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Collecting Dust or at least preventing the distribution of dust in the workshop has been an active topic among woodworkers for a long, long time and I expect it will continue to be as new information, changes in the industry and new methods continue to evolve.
The one thing that hasn't changed is that we all pretty confident that wood dust is not good for us to inhale. We seem to be at odds about how much is safe and which dusts are worse than others, but the safe rule of thumb is NO dust is good and ALL dust should not be inhaled. I think every woodworking shop I have been in has some amount of dust in the air, what we all do is strive to reduce this dust as best we can. One way of reducing dust is with dust collectors.
For smaller shops like mine, a typical dust collector is often a 1.5 and up to a 3 horsepower electric fan that draws dust from our machinery and deposits the dust it into a plastic bag while using an upper cloth bag or composite canister to filter the small particles of dust and return fresh air to the room. These are often not the best, but for many of us they are best we can afford and install, and in recent years they are actually doing a pretty good job. These units with collect and expel dust in one unit are called Single Stage Dust Collectors ...
One of the problems with single stage dust collectors is that they are often hard to empty when they get full, without causing more dust. For this dust masks are highly recommended.
One of the first upgrades to a single stage dust collector is to make it a "Two Stage" dust collector by adding something called a cyclone style extractor to the existing unit. This effectively takes the single stage dust collector to a 2 stage collector.
The purpose of a dual or 2 stage dust collector is try to make the air cleaner by trapping more dust in the first stage of the dust collector which turns out to be the cyclone part that was added on. The way this works is that most of the dust is collected in the first stage, the cyclone stage, thus preventing much of the dust to enter the second stage, which in turn helps to cut down on dust particles being expelled through the dust collector's filtering system.
Another advantage of the 2 stage collector system is that often it is easier to change or replace that part that is collecting the dust. Often these are barrels or large canisters that easily detached thus, also helping to reduce the dust collection in the room.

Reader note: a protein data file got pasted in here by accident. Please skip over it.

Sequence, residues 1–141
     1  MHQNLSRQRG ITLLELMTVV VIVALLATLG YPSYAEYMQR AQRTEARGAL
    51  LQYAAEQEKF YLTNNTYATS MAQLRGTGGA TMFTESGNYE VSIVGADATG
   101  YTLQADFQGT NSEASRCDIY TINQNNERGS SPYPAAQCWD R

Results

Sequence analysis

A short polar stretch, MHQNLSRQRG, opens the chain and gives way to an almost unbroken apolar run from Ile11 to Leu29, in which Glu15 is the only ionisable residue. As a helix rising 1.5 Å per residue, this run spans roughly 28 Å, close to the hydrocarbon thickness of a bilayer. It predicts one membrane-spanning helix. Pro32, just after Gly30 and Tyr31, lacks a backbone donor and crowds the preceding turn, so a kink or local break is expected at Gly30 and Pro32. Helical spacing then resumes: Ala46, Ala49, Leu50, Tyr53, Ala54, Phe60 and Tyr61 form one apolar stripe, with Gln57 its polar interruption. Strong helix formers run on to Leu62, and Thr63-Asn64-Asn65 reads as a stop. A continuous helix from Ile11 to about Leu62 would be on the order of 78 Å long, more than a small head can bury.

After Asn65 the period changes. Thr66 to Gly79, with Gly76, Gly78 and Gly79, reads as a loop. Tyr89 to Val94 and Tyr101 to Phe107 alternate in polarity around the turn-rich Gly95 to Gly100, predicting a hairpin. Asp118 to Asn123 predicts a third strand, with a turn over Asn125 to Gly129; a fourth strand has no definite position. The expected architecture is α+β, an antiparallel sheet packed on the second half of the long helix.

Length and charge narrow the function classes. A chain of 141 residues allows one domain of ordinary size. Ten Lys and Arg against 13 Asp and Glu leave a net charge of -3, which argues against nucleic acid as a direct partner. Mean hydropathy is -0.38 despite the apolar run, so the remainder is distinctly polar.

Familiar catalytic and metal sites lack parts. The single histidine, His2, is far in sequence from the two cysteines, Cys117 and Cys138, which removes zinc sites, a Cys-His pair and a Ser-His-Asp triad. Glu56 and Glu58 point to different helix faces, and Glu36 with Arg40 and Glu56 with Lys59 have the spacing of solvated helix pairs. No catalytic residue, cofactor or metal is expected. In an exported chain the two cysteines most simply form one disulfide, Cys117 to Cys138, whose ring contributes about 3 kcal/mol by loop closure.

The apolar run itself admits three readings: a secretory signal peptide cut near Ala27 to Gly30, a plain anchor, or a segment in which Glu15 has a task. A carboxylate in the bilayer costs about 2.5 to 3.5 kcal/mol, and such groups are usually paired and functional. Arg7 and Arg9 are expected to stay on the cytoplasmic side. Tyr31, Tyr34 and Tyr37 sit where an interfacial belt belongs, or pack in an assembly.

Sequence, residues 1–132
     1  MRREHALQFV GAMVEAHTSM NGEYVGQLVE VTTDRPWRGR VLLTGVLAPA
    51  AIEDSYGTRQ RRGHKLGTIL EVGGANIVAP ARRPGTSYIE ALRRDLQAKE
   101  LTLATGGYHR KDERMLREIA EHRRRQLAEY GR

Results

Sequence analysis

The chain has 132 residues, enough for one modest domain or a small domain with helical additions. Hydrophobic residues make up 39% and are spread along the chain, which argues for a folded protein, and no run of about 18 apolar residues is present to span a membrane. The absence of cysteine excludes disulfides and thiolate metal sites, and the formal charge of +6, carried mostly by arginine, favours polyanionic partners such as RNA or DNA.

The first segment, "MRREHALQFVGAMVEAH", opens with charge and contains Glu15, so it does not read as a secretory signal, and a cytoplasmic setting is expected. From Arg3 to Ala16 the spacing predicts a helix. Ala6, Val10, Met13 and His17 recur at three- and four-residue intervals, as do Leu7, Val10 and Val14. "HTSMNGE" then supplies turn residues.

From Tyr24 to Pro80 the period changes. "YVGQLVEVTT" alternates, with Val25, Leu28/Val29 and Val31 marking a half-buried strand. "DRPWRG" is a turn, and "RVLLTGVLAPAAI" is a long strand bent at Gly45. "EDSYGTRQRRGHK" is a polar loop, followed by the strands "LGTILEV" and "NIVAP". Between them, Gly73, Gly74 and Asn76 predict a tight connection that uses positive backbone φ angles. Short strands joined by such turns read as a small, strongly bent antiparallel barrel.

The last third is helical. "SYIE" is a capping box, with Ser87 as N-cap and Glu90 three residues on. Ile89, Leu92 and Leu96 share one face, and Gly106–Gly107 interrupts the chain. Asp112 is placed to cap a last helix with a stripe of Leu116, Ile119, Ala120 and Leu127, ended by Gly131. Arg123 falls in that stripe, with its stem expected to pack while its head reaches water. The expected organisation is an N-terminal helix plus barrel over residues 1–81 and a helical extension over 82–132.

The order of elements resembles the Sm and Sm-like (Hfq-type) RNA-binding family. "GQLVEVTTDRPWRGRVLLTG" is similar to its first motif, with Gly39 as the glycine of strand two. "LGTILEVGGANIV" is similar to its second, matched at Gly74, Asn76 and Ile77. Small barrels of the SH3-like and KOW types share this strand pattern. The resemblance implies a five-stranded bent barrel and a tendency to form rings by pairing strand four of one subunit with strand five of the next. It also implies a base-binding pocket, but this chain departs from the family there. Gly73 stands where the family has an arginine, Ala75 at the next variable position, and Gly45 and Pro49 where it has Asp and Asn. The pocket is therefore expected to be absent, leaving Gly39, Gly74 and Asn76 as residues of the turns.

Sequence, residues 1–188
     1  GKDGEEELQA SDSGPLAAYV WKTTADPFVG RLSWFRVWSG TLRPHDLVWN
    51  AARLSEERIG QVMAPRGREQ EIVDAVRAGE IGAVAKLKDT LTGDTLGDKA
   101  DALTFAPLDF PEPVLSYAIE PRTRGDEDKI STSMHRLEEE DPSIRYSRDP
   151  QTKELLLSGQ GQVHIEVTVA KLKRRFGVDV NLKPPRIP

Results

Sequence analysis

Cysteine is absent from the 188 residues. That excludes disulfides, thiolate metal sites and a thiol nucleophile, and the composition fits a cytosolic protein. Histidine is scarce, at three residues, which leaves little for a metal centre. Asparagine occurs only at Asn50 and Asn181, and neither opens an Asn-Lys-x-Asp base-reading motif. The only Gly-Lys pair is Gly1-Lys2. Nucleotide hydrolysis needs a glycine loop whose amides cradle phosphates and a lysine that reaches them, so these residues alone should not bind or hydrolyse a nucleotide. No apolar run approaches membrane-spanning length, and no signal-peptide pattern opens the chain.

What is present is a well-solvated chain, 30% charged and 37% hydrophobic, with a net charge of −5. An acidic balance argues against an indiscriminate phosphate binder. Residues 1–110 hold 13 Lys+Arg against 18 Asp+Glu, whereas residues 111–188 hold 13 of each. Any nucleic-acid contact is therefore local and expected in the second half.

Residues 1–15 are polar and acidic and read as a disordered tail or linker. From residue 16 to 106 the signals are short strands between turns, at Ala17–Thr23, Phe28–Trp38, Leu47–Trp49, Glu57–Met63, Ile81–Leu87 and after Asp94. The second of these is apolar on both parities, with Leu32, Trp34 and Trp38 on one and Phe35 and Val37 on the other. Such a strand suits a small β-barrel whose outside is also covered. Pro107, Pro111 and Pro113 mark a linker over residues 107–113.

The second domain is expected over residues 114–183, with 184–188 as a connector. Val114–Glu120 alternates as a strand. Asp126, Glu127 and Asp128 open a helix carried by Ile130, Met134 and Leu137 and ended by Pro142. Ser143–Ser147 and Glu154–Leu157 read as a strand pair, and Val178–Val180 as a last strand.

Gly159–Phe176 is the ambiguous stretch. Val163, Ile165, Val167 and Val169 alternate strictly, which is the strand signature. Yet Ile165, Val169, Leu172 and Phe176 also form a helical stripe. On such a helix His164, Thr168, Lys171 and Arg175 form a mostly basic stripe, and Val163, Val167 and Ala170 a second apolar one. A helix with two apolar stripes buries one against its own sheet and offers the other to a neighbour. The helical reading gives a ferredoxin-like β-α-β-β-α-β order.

In my case I have added and Oneida cyclone style collector to my existing dust collector. I only ordered the cyclone part, not the dust collection part because I wanted to set up my own collectors so that I could add more as needed. Over the years I have amassed a small collection (3 or 4) of identical, plastic garbage cans, of good quality. They are all identical, except for color and the rims have nice flat parts which make them very suitable to adapting to a cyclone collector top.
All I had to so was to make a base for the cyclone collector to sit on, which I did with a couple of layers of plywood, the bolt the cyclone top to, making sure it was well sealed.
When ever you are working with dust collectors it is imperative that they be as air tight as possible, otherwise their efficiency drops drastically. I had to make sure the cyclone was sealed to the wood, and that the wooden top could seal tightly to the plastic garbage can bases.
Next comes the piping. I used flexible plastic tubing designed for dust collectors. If you use piping designed for home clothes dryers for example, the suction of the much higher pressured dust collectors will collapse the tubes, so you need plastic tubing designed to carry the load. The piping needs to be connected tightly between the units and there are special hose clamps for this that give a better grip to help reduce air leaks. If you have any size changers on your collector that you need to reduce or expand the sizes, it's recommended that you use aluminum ducting tape (not fabric duct tape), to also help reduce any chance of air leaks.
And after all this is done, you finally get a chance to test the system by cleaning out the 2 stage of your collector and seeing what it can do. I was very happy with mine. I found that very few dust particles were making it to the second stage, which means the air in my collector was probably coming at least somewhat cleaner than before.
There are a few changes I still want to make on my system. I am thinking about putting the whole thing on wheels so it can be moved around if needed. My shop always seems to be in a state of re-arrangement so having all my tools on wheels is important. The other thing I still want to change is how the lid attaches to the collection barrel underneath. I have not seen a system so far that I like, that can be quickly and easily changed and will adapt to 3 or 4 other barrels for quick swapping. For now the small bar clamps work but there must be something out there that is a bit more elegant.
After having run this system for a few weeks now, I am happy to report the dust collector barrel indicator, the little bar that I push down to see how full the barrel is, works great. I have had 2 barrels full so far and no overflows ... at least so far.
All in all I am very happy with the system. I can't really tell that has reduced the dust in my workshop but it has made collecting the dust easier, more convenient and far less dusty than trying to unhook plastic bags full of dust and get them out of the workshop. I still wear a dust mask and probably always will, you can never be too cautious about inhaling dust ... the less we inhale the better.
Copyright Colin Knecht